A push in the right direction - encouraging firms to plan for partners' retirement
The major asset for most law firms is the partners working in the business. It is therefore surprising that, when it comes to providing retirement income, most firms take the view that it is the individual partner's responsibility to organise this and make the appropriate arrangements. However, unless law firms actively encourage – or even oblige – partners to make full provisions for their retirement, this could make succession planning difficult. Partners who have not made adequate retirement provision could end up in a situation where they cannot afford to retire. The Leslie Seldon case highlights some of the problems around this issue and the difficulties for all parties.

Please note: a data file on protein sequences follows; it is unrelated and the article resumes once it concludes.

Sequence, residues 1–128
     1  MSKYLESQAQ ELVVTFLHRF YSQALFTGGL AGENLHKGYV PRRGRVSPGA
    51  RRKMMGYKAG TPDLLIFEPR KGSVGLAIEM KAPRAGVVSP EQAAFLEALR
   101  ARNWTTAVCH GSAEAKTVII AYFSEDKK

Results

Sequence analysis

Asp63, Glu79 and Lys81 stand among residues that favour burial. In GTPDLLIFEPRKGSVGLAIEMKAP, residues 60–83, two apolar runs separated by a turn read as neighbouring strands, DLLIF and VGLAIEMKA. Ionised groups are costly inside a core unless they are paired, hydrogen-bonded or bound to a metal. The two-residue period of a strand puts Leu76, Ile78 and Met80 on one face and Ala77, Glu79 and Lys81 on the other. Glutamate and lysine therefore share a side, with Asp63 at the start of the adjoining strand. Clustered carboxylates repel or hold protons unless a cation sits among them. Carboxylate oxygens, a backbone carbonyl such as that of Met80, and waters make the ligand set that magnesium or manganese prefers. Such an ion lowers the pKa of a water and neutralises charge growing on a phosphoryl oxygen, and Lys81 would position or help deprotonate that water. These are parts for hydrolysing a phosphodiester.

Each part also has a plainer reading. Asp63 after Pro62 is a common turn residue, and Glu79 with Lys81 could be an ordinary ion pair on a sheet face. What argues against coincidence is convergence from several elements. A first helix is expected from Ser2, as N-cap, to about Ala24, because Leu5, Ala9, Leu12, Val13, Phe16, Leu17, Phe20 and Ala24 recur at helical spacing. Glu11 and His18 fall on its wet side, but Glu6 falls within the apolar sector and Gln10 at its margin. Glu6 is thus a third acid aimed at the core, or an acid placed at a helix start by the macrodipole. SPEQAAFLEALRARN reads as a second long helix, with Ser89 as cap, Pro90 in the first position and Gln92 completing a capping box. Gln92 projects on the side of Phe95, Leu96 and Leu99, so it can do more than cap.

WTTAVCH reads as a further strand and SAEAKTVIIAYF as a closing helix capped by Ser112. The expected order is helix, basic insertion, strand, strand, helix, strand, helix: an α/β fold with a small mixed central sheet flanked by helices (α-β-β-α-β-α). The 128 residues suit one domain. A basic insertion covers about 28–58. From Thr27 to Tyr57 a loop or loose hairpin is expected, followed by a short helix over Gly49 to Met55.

Most law firms leave it to partners to make plans for their retirement, but they are often too busy to spend time on their own financial planning and fail to take the adequate steps. Mike Fosberry explains the difficulties this can create and why encouraging partners to make arrangements is a more prudent approach
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